Last week, we tackled some big stories in Latin America’s tech scene. From an in-depth look at eBay’s regional playbook to an analysis of Bitcoin’s local prospects, here are the highlights:
E-commerce giant eBay has Latin America pretty high up on its list of priorities in 2014, attacking the entire region after testing the waters with Brazil last year.
“Latin America as a region is a priority for eBay,” emphasized Fernando Trueba, Head of Marketing for eBay in Latin America, in an interview with PulsoSocial. “Last year, we used different tactics to reach consumers within the entire region, including the launch of a mobile fashion app specific to Brazil, and coupons and other marketing activities for greater Latin America. This year, while we expect to focus on Mexico as a new market, it’s important to note that we will continue to improve the experience for Latin American consumers at large.”
Trueba outlined the company’s strategy in LatAm and emerging markets – an approach quite different from what it’s done in the United States.
The noise surrounding Bitcoin has quieted down a bit in recent months, but the cryptocurrency is more alive than ever. We spoke with Sebastián Serrano, the founder of Argentina-based BitPagos, about his company and the Bitcoin scene.
He also highlighted why the currency seems to have hit a nerve in Argentina. “Argentina is a market that demonstrates interest. We see it in the movement of sites like Local Bitcoins, on Facebook pages dedicated to the issue. We estimate that there are 300 brokers who buy and sell bitcoins right now,” he explained.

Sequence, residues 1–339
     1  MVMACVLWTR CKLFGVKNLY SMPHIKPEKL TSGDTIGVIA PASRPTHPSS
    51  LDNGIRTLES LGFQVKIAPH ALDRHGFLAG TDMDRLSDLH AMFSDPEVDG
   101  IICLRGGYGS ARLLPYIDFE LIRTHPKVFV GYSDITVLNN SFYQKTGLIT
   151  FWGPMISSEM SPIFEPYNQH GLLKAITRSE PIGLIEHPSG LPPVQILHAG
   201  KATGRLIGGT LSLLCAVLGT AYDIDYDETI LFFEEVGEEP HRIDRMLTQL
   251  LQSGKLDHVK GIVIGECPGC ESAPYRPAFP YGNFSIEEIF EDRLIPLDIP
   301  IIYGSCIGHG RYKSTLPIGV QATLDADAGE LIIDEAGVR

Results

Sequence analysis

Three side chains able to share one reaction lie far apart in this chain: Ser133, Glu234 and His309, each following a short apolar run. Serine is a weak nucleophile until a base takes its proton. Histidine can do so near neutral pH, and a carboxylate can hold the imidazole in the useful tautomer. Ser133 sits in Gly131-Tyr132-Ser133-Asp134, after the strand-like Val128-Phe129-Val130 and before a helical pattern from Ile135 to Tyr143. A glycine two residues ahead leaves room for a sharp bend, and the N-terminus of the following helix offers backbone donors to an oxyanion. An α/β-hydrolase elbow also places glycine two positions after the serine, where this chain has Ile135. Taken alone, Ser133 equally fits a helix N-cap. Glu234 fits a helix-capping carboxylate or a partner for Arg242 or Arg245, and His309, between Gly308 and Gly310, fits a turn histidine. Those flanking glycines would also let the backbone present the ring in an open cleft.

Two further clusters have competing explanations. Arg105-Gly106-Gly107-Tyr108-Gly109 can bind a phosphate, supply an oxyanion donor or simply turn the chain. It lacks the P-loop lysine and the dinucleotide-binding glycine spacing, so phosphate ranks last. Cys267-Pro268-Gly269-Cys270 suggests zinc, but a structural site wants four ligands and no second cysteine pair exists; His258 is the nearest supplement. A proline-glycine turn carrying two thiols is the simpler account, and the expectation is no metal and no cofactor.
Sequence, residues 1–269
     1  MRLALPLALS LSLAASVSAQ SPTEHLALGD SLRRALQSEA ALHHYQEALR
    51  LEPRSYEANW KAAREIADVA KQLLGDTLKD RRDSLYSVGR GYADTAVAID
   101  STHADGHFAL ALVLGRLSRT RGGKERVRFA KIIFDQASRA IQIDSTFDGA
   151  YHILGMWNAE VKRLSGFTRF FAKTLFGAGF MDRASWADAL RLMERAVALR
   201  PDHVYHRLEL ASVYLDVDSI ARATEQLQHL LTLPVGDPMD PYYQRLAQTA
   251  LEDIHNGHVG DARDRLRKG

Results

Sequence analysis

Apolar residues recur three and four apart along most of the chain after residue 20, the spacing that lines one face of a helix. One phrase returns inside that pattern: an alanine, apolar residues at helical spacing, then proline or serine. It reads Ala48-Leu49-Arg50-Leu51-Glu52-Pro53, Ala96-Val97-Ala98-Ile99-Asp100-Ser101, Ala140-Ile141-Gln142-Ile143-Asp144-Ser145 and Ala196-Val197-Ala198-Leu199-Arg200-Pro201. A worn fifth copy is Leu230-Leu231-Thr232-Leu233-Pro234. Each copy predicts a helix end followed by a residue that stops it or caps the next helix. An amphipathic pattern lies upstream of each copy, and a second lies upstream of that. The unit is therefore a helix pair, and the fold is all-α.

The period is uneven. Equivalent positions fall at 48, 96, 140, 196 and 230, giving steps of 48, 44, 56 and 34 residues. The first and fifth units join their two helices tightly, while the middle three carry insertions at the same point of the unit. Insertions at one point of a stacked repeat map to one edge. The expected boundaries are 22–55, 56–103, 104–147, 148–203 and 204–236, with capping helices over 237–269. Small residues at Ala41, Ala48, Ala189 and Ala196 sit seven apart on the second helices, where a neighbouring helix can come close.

Things are changing at Wayra. The Telefónica accelerator held a press conference in Buenos Aires last week to discuss recent movements within the organization, including the designation of Lorena Suárez as Country Manager for its Argentina division. Suárez will replace Andrés Saborido, who will now lead Wayra’s Spain operations, managing its academies in Madrid and Barcelona.
We spoke with Suárez and Saborido at the event to learn more about the organization’s regional strategy. “One of the issues is keeping in mind where clients are – the market for the companies we invest in. Argentina is a very small market. Latin America is a more interesting market, but the world is the best market,” Saborido remarked.
The company originated with a subscription beauty box model, much along the lines of Birchbox in the United States. However, the team made the decision to pivot late last year, completing the full switch to an e-commerce model a couple of months ago. Marc Sorli, CEO of FancyBox, spoke with PulsoSocial about the company’s trajectory as well as the decision to become part of SSX.
NXTP Labs is at it again. The Argentine accelerator and seed fund announced last week the 25 startups that will take part in its sixth acceleration cycle. Including this latest class, NXTP has worked with 140 companies from 15 countries since its 2011 launch.
Moreover, the organization is already seeking out batch number seven. Find out more here.